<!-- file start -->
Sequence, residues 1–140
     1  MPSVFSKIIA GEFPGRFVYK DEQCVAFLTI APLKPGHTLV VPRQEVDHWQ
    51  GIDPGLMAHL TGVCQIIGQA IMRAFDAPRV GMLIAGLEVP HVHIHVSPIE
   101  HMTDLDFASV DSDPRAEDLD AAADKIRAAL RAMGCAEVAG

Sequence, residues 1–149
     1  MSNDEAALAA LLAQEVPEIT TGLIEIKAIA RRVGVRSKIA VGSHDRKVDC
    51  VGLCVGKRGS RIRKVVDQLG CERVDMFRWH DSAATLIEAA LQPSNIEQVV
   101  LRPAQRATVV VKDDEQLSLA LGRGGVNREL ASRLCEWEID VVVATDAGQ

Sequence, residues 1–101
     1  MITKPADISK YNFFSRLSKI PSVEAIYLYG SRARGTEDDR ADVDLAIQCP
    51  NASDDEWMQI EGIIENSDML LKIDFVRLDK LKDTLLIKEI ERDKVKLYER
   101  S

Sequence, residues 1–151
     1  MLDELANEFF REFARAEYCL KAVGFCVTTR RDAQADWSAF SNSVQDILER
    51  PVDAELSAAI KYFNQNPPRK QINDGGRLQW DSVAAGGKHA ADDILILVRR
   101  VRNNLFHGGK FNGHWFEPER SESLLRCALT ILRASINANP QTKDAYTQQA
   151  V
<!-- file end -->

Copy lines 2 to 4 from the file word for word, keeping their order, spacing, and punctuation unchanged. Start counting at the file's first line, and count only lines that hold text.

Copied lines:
     1  MPSVFSKIIA GEFPGRFVYK DEQCVAFLTI APLKPGHTLV VPRQEVDHWQ
    51  GIDPGLMAHL TGVCQIIGQA IMRAFDAPRV GMLIAGLEVP HVHIHVSPIE
   101  HMTDLDFASV DSDPRAEDLD AAADKIRAAL RAMGCAEVAG